About the Author
Scott Jamison is an expert on information worker technologies, collaborative applications, and software + services. He has more than 15 years of experience helping customers solve business problems through technology solutions, currently at Microsoft as Director of Enterprise Architecture. Scott has worked with SharePoint since 2001, recently participating as an architect on Microsoft’s developer advisory council helping design features for SharePoint Server 2007. Scott is a recognized thought leader and published author with several books, including Essential SharePoint 2007. Scott holds degrees in business and computer science.
Mauro Cardarelli is a recognized technology expert in Knowledge
Management and Business Intelligence-based solutions. He has over 18
years of experience in the IT industry, half of which have been spent working
as a Microsoft-focused technology consultant. He has worked with a
number of Fortune 500 companies, and his solutions have been mentioned
in multiple Microsoft case studies. In 2006, he founded Jornata
(www.jornata.com), a business and technology services provider that helps
companies achieve exceptional performance through the effective use of
Microsoft technologies. His primary responsibilities at Jornata include
application architecture and development as well as client-focused
technology evangelism. Mauro is a frequent speaker and author on
Microsoft-related technologies. He received a bachelor of science degree
in electrical engineering from Tufts University.
Susan Hanley is an independent consultant and president of her own
firm, Susan Hanley LLC (www.susanhanley.com), where she specializes
in the design and development of portal solutions and knowledge management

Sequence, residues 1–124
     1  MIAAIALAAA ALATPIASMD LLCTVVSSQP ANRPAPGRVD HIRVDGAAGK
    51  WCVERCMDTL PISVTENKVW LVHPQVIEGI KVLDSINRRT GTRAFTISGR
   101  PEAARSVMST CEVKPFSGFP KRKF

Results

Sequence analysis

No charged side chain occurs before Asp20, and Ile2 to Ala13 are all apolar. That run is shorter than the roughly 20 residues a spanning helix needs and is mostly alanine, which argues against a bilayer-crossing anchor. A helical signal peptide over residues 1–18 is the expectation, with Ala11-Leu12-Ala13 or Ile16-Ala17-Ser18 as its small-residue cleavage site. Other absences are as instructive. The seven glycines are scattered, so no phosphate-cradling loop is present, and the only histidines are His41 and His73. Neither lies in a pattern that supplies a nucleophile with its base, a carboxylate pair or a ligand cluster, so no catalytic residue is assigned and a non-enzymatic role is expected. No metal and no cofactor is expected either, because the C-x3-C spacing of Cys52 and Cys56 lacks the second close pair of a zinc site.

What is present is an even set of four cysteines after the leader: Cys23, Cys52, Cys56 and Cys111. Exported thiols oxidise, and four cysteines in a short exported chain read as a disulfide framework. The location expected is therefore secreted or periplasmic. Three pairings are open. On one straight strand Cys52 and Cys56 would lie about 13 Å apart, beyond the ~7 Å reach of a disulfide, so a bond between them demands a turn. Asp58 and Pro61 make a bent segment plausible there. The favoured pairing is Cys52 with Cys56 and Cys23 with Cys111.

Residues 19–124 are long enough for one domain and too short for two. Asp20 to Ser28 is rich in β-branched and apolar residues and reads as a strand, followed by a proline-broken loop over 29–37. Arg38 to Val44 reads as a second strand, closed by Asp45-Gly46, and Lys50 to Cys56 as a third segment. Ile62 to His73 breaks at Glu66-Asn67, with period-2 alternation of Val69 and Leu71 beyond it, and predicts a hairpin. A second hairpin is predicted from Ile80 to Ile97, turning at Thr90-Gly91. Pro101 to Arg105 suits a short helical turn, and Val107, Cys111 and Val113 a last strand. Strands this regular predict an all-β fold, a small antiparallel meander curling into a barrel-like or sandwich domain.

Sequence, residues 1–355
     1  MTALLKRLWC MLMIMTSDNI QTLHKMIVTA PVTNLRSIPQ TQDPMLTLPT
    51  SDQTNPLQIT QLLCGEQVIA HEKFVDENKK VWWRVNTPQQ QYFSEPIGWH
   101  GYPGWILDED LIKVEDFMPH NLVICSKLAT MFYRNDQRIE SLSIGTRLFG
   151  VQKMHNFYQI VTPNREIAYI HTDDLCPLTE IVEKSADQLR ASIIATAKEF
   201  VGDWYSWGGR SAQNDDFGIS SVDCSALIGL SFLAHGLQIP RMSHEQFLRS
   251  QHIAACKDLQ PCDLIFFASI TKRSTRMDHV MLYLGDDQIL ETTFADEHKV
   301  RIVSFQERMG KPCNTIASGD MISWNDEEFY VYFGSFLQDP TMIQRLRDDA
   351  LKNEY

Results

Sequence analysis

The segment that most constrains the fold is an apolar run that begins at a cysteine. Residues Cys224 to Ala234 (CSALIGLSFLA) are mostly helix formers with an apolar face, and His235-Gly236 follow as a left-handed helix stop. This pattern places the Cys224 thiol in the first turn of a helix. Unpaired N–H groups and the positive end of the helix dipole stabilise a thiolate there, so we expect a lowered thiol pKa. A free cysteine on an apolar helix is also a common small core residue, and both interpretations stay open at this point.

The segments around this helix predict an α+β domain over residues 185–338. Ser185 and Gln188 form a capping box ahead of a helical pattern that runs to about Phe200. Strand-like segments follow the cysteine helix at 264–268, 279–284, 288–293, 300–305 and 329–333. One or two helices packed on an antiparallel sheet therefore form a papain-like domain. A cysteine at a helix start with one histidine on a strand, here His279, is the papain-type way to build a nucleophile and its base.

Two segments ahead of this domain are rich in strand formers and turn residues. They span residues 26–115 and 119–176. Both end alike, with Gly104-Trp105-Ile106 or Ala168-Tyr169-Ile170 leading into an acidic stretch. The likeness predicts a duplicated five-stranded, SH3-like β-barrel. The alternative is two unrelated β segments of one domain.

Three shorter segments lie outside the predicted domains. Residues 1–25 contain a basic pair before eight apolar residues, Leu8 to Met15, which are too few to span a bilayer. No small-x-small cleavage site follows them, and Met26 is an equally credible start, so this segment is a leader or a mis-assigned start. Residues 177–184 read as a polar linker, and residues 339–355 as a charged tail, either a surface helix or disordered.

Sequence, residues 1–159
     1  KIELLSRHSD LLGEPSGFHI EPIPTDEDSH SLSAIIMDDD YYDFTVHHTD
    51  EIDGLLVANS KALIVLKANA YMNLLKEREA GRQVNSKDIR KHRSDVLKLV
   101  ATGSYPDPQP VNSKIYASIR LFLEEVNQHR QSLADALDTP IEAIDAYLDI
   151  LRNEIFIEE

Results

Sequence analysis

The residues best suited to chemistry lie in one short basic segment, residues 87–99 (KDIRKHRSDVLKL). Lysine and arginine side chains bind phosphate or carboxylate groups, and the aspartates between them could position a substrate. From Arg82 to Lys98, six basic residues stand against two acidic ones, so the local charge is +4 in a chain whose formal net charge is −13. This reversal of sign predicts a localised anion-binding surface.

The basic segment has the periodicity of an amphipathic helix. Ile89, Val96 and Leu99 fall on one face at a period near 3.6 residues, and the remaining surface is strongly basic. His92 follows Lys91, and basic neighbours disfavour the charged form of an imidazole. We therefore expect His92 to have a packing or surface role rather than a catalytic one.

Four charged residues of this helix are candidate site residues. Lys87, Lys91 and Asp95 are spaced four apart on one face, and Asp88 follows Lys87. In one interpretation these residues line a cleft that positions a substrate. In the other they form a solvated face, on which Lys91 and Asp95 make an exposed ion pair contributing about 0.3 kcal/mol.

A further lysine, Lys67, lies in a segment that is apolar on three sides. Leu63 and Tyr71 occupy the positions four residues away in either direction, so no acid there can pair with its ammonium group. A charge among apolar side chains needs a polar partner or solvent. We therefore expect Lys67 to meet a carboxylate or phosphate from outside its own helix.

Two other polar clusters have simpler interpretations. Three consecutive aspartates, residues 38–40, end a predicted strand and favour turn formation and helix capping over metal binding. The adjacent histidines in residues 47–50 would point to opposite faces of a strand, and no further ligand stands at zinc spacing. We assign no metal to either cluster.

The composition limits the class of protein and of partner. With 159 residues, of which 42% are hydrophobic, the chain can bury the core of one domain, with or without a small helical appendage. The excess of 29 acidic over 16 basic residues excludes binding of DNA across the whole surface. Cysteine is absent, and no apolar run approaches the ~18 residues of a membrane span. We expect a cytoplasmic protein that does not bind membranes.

consulting. Sue has more than 25 years of experience as a technology
consultant, holding leadership positions at Dell, Plural, and American
Management Systems, Inc. (AMS). Sue served as a member of
Microsoft’s Partner Advisory Council for Portals and Collaboration for
more than four years. She is a frequent writer and speaker on the topic of
building communities of practice and measuring the value of knowledge
management. In September 1997, she was recognized by Consultants
News as one of the key “knowledge leaders” at major consulting firms. Sue
has given top-rated presentations at many conferences in the United States
and Europe. Her byline articles have appeared in Knowledge
Management Review, Management Consultant International, DM Review,
Information Week, and The Cutter IT Journal. Sue is also a featured
author in several books on knowledge management. Sue has an MBA
from the University of Maryland at College Park and a BA in psychology
from Johns Hopkins University.
Excerpt. © Reprinted by permission. All rights reserved.
Collaboration. Portals. Knowledge Management. Search. Document Management. These are terms that are thrown around when talking about Microsoft Office SharePoint Server 2007 (MOSS). But what do they really mean?
Most books are designed to address the "how" behind SharePoint, either from an administrative perspective or a programming perspective. This book complements the typical SharePoint book with some of the "what" and "why" of MOSS, provides insight into targeting needs with portal and collaboration technologies, and helps you understand how those needs might be addressed using MOSS.
What Is This Book About?
The Information Worker is central to Microsoft's strategy to bring productive computing to the enterprise and beyond. Navigating the various client and server products can be confusing and daunting. This book will help you navigate these waters, providing direction and understanding.